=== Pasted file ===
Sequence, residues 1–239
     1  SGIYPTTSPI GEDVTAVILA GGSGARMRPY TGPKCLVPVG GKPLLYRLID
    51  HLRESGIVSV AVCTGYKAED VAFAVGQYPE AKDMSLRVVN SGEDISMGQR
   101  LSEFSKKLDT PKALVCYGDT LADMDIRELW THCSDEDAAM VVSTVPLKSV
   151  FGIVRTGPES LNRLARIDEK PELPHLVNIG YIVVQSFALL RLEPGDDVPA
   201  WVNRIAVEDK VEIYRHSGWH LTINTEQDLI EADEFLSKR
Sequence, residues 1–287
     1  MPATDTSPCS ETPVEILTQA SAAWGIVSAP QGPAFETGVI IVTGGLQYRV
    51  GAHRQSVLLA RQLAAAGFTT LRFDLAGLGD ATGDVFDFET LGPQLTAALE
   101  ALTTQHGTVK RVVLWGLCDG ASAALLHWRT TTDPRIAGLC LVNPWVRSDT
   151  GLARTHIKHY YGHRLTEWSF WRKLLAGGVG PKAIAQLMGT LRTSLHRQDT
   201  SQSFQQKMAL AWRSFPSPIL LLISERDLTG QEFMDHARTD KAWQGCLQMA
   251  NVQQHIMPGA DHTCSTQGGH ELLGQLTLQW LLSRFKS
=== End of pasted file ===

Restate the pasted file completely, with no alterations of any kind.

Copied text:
Sequence, residues 1–239
     1  SGIYPTTSPI GEDVTAVILA GGSGARMRPY TGPKCLVPVG GKPLLYRLID
    51  HLRESGIVSV AVCTGYKAED VAFAVGQYPE AKDMSLRVVN SGEDISMGQR
   101  LSEFSKKLDT PKALVCYGDT LADMDIRELW THCSDEDAAM VVSTVPLKSV
   151  FGIVRTGPES LNRLARIDEK PELPHLVNIG YIVVQSFALL RLEPGDDVPA
   201  WVNRIAVEDK VEIYRHSGWH LTINTEQDLI EADEFLSKR
Sequence, residues 1–287
     1  MPATDTSPCS ETPVEILTQA SAAWGIVSAP QGPAFETGVI IVTGGLQYRV
    51  GAHRQSVLLA RQLAAAGFTT LRFDLAGLGD ATGDVFDFET LGPQLTAALE
   101  ALTTQHGTVK RVVLWGLCDG ASAALLHWRT TTDPRIAGLC LVNPWVRSDT
   151  GLARTHIKHY YGHRLTEWSF WRKLLAGGVG PKAIAQLMGT LRTSLHRQDT
   201  SQSFQQKMAL AWRSFPSPIL LLISERDLTG QEFMDHARTD KAWQGCLQMA
   251  NVQQHIMPGA DHTCSTQGGH ELLGQLTLQW LLSRFKS